Just saw a new listing for a home in a pleasant, but nothing special Etobicoke neighbourhood that in my opinion gets far more attention than it deserves. Four years ago this particular house would have probably fetched no more than $450,000. Today, they are asking a hair below $600,000––and believe me, they’ll get it. I know the agent (sort of). Real pro. You know, the kind that turns a “fixer upper” into a “renovator’s delight.”

As for condos, I predicted condos could crash while SFH goes relatively unscathed. Too easy to increase supply quickly. Because you don’t need more land, just more air.

F should return the markets to a solid regulatory footing, based on sound financial principles, and then F off. Government should stop playing with the markets. They always muck things up. And innocent people pay the price.

#36 Tom Vu on 05.13.13 at 10:36 pm

Much thanks to Maple Syrup Fig Leaves.

Makes one be proud ( =concerned ? ) to be a molson Canadian.

To have 4-1 lead…the brass ring within one’s have a 1″ putt….to have a beach ball pitch with bases loaded in 9th inning World Series ….to have Jolly Green Giant with basketball at rim…..or WWF cage match…

Why one should have a bottle in front of you…then frontal lobotomy ..when the Maple Syrups Fig Leaves ever get into playoffs.

Go Moose Jaw Go !!!

#37 :) on 05.13.13 at 10:44 pm

Wow, it couldn’t be more obvious that the federal gov wants to crush housing market. I hope prices come down enough so ppl can afford the cost of living again.

#38 Phil Kessel on 05.13.13 at 10:44 pm

Hi Leafs Nation,

Anybody know how long it takes to do the Real Estate Agent Course?

I’ve got some free time on my hands now, and I hear there is a condo boom in Toronto and I can make some more easy millions in commissions, and maybe flipping some boxes in the sky.

Also, the experience of all that sales BS will help polish my public relations skills in preparation for our next playoff run in 2022.

And Thanks Again, Suckers!

#39 Freebird on 05.13.13 at 10:47 pm

Once again my condolences to Leaf fans. Now they can pull out their golf clubs and hit the links, do charity appearances etc.

Great post Garth. Love to hear evidence of a new generation making smarter decisions and waking up from the attitude of entitlement for granit counter tops and shiny appliances….with of course a shiny new car in the drive way to match (seen as needs of course).

See, and you’ve wondered why you keep doing this at times in your comments. Even some of the young’uns are listening to Uncle Garth.


#40 happy renter on 05.13.13 at 10:48 pm

Relax ,interest rates will stay low for many years to come because the US can’t service its debt unless it defaults and lets the economy collapse.Japan did itwith successs so will we.I can see 5 year rates under 2% coming soon.

#41 Buyer on 05.13.13 at 10:51 pm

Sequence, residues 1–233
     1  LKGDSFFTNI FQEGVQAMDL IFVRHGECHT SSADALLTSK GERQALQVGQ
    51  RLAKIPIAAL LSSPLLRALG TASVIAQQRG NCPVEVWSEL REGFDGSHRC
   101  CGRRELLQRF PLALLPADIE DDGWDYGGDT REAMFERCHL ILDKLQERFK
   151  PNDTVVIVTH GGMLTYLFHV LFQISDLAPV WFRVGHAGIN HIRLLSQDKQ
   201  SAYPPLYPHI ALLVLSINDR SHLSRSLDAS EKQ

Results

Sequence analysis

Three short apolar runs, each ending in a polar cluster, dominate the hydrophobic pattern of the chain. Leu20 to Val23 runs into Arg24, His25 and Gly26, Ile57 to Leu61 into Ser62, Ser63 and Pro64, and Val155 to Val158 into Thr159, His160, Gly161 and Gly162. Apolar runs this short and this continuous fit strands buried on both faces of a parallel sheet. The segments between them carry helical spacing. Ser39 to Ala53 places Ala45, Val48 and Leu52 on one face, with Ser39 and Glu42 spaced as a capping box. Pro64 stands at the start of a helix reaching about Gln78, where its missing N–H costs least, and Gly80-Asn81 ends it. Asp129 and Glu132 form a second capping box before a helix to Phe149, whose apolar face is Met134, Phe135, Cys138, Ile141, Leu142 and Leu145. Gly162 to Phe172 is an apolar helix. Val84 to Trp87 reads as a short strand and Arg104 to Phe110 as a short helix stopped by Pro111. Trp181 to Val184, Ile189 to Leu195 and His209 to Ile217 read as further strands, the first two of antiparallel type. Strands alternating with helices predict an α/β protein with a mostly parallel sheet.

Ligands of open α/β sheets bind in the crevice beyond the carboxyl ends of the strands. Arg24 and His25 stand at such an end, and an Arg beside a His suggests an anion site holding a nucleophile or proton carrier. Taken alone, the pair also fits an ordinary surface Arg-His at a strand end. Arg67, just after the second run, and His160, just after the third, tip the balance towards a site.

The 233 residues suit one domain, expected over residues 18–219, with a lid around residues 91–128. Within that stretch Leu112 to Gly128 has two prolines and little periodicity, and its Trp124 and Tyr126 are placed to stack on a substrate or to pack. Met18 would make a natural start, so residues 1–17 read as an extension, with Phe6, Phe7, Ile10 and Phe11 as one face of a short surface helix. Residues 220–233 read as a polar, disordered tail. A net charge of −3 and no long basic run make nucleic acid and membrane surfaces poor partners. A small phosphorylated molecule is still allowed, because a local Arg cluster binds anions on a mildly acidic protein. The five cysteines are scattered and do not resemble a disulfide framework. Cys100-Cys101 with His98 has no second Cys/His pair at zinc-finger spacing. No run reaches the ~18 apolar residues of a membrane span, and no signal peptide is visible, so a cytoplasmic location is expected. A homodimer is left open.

“As you know, 30-year mortgages are already verboten when a borrower wants or needs CMHC insurance.”

Weird. I got a 30-year mortgage, with an CMHC insurance, and only 15 % down, no later than last december … but maybe it’s because loans for a 6-plex are different than for a SFH ?

#42 Van guy on 05.13.13 at 11:00 pm

#33 Chickenlittle

“If I was a Canucks fan I’d be used to this feeling right now.”

All Canadian teams are bad luck. The Americans have taken over the NHL like HAM has taken over our high end real estate :(

#43 ValleyRenter on 05.13.13 at 11:01 pm

Surrey in the area of 152st and 60th ave. A whole bunch of acreages for sale, one of them 5 acres. Signs all say “development opportunity”. All on East side of 152, right across from a big ol’ townhouse complex that seems to be taking longer than usual to be built. Some of these acreages have been for sale for over a year! Seems the local developers smelt blood in the water some time ago and didn’t bother betting on being stuck holding the bag.

#44 Piccaso on 05.13.13 at 11:04 pm

Laughs how could you choke, blow a 4-1 lead with 10 min left. lol

#45 Shawn on 05.13.13 at 11:15 pm


Angry Butt at 30 said:

Shall we force feed 10 year terms today to protect everyone from higher rates 5 years into the future? (Not to give Senor F more ideas…)

I think of it more as shall we facilitate locking in for 10, 20, 25 years at low rates?

As we all know in the U.S they can lock in for 30 years and even have the option to opt out if rates drop. Heads (higher rates) the borrower wins and tails the banks (actually investors in securitized mortages) lose as rates drop and people refinance.

That works in the U.S because of the type of securitization they do which passes the interest rate and refinance risk onto investors and away from the banks. Yeah, it led to problems when they started dragging bums off the street and giving them mortgages but the actual securitization and 30 year lock in is a thing of beauty for homeowners.

Canada could avert most risks of higher interest rates by facilitating the lock in for 25 years and passing the risk to investors. You see fixed income investors are accepting terribly low rates even for 25 and 30 years and we need to let homeowners borrow on that basis.

There has been good progress in the past year as 10 year rates are suddenly pretty reasonable for the first time perhaps ever in Canada and certainly first time in three or four decades. A year ago the ten years were more like 3 to 4% higher than the 5 year, if you could find one. Now its a much smaller premium for the ten year. I have no idea why that changed. But it’s a good thing.